Silver is in such demand in commodities markets these days that mints are rationing their sales of the coins they make, the Financial Times reports.
Silver prices hit $31.37 a troy ounce recently, their highest levels since March of 1980.
Mints rationing some sales include the Royal Canadian Mint and the Austrian Mint.
|Some mints ration silver-coin sales.
"We have sold everything we can produce in silver and have demand for at least twice that volume," says David Madge, head of bullion sales at the Royal Canadian Mint, which produces the silver Maple Leaf coin.
The Austrian Mint sold 1.53 million ounces of its silver Philharmonic coin in January, more than double what it moved a year earlier.
“We could have sold more,” Andrea Lang, the mint's marketing director, tells the Financial Times, adding that the mint would boost production to 2.2 million ounces for February and March.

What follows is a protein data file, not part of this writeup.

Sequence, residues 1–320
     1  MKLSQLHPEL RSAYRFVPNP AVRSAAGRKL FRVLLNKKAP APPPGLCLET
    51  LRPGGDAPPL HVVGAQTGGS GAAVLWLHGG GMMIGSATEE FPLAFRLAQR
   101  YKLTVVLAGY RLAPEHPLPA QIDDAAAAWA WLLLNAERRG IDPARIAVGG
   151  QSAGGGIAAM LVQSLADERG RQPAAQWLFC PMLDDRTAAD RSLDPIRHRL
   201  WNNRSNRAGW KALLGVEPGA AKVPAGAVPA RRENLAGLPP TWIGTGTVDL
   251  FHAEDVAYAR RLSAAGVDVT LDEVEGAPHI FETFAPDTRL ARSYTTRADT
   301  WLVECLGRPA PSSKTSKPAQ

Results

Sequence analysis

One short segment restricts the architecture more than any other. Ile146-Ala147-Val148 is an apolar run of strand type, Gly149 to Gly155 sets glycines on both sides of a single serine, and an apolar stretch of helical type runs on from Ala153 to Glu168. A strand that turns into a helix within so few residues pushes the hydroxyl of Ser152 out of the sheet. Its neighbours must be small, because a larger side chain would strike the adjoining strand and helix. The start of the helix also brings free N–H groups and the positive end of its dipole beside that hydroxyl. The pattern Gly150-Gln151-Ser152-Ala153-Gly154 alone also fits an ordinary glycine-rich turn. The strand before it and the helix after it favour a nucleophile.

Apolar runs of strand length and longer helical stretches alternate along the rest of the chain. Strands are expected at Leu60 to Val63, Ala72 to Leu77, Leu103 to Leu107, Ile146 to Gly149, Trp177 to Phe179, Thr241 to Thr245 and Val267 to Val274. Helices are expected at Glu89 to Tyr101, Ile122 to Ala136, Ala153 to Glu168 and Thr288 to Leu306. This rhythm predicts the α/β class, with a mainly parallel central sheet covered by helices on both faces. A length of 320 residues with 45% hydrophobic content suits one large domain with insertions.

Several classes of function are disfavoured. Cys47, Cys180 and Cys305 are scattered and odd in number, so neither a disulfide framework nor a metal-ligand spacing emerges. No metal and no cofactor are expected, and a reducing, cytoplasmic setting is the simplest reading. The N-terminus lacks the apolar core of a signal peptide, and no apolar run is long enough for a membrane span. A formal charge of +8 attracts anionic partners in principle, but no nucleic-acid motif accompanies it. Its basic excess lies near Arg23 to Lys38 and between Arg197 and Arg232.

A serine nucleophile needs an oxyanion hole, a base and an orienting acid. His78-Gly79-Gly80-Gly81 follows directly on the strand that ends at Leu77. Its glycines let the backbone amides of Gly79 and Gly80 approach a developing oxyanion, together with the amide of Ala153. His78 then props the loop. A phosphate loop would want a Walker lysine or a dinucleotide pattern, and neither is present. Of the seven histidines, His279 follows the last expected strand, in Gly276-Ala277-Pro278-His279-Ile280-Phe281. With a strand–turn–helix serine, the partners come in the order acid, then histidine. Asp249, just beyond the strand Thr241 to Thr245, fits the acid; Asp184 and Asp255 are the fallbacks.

Weaker currencies around the world have fueled demand for metals as hedge investments, especially gold and silver.
Silver has more industrial uses than gold, and an improving economy is increasing silver's need even further.
For those investors who believe the that the economy will improve even more, "fundamentally silver probably has better reasons to rally than gold," Frank Cholly, a senior market strategist at commodities trader Lind-Waldock in Chicago, tells the Los Angeles Times.
"Silver will outperform gold because of its industrial uses, together with the fact that the number of potential investors is far greater," says Julian Phillips, an editor at SilverForecaster.com and GoldForecaster.com, according to Market Watch.
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